The ‘Introduction’ serves, also, as a brave attempt to place Bibhutibhushan’s writing in current socio-cultural perspective, and to bridge the disparate worlds of rural Bengal that birthed these stories and that of the contemporary English reader of these tales who could belong to almost any geographical space on the global map.
The first two stories of the collection are centred around the protagonist after who the book has been named, a dabbler in the dark arts, Taranath Tantrik. The remaining seven stories are each unique in their own ways as they chart their individual journeys into the terrain of the invisible and the occult with remarkable skill and clarity. “Human beings have historically shown very little need of support from the otherworld to behave in perfectly horrible ways with other people. This is the point at which the darkness of the uncanny and the darkness of people converge,” avers Mookerjee, pointing out how the surreal is often only another dimension of the real revealed in a disjointed spatial-temporality.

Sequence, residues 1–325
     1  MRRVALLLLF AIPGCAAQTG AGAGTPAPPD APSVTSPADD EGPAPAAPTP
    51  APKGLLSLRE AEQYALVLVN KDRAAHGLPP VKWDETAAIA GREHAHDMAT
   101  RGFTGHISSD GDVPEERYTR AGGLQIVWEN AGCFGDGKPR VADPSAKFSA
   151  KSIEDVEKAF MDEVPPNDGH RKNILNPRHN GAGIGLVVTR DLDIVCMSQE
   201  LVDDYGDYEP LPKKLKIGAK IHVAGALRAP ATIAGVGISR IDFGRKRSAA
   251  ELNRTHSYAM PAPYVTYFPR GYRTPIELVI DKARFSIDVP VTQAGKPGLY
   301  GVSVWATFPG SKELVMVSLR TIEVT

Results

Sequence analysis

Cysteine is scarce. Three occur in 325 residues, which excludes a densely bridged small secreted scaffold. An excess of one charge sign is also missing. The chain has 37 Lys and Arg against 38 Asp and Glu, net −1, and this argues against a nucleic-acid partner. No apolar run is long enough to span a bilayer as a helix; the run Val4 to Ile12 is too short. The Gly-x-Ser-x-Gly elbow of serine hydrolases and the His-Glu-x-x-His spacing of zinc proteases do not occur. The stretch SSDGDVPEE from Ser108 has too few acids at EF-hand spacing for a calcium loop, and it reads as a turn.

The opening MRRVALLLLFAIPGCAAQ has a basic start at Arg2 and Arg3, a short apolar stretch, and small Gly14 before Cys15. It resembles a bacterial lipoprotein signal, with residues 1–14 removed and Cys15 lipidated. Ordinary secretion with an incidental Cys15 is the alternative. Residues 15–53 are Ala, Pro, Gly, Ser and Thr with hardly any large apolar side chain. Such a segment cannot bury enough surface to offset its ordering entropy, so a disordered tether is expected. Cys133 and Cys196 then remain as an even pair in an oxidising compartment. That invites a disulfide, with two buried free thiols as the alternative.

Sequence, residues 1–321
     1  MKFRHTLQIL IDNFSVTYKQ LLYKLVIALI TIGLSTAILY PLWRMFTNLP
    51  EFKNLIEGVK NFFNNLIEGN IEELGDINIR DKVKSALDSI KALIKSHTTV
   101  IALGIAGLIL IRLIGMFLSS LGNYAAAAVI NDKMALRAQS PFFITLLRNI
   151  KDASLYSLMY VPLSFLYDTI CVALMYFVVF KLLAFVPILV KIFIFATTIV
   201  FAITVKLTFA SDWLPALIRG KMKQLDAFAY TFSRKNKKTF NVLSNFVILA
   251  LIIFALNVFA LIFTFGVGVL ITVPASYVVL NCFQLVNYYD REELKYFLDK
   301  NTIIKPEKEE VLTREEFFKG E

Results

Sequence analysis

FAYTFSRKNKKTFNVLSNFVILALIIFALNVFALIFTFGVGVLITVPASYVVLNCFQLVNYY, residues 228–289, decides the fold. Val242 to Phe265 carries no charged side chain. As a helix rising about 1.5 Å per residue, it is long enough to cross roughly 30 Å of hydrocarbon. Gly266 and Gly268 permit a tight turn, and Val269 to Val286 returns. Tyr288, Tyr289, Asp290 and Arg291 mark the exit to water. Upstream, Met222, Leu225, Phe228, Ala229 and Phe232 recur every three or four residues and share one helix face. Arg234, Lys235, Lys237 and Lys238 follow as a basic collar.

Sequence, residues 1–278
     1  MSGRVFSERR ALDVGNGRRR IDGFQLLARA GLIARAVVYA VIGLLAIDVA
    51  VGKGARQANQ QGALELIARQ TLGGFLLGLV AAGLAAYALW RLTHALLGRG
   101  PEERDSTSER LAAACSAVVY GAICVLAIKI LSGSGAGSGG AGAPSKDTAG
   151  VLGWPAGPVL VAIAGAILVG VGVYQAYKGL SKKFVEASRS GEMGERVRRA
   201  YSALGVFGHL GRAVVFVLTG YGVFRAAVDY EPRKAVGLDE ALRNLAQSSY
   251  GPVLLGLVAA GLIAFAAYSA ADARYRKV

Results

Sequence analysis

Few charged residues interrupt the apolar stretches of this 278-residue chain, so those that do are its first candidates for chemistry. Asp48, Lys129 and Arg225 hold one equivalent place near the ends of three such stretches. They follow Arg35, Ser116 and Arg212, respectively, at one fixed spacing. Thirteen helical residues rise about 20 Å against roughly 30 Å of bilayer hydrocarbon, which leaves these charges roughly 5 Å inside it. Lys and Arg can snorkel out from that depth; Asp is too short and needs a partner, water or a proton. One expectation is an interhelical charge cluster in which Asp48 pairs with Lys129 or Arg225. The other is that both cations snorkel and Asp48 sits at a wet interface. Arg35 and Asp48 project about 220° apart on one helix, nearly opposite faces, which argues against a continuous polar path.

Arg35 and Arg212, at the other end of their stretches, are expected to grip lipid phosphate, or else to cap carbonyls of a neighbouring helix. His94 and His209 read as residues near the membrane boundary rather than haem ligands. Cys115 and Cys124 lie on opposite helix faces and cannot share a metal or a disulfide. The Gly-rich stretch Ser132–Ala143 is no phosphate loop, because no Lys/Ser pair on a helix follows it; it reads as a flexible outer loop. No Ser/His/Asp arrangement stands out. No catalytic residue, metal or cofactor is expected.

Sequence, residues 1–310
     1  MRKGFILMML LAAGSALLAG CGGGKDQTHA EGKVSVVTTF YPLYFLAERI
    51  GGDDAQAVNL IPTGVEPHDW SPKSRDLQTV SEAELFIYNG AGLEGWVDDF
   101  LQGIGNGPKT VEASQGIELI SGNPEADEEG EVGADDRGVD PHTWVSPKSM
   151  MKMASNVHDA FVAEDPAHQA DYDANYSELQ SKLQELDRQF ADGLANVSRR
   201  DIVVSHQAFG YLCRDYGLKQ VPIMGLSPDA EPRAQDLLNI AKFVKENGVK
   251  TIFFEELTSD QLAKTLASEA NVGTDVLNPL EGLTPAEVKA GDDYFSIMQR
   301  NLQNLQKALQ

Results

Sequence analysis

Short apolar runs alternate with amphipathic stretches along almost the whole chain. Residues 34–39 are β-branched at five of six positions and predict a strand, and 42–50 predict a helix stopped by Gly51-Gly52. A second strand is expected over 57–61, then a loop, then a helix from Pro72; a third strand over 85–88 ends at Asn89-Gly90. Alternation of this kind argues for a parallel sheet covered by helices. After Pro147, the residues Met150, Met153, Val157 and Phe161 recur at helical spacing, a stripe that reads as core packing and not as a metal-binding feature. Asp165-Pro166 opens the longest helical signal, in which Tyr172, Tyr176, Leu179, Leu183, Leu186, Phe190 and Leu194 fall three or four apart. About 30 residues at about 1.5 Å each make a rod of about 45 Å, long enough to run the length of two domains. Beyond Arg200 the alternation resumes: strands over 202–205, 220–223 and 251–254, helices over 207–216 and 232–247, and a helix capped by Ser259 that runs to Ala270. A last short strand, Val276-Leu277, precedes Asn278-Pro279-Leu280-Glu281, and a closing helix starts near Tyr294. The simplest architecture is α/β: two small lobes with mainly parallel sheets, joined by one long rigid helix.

Not all of the nine stories strike with equal power. If ‘The Ghosts of Spices’ appears quite facile and juvenile in its description of a march-past of spice sacks on the deserted nocturnal streets, ‘A Small Statue’ appears rather simplistically cinematic in its dream presentation of the tableau of the monk, Dipankar’s life. In the most evocative stories of the collection like ‘Maya’, ‘The House of His Foremothers’, ‘Arrack’ and ‘The Curse’, however, the quiet, intricate weaving of setting, psychology and idea dazzles in its brilliance, leaving behind a sense of both fracture and healing.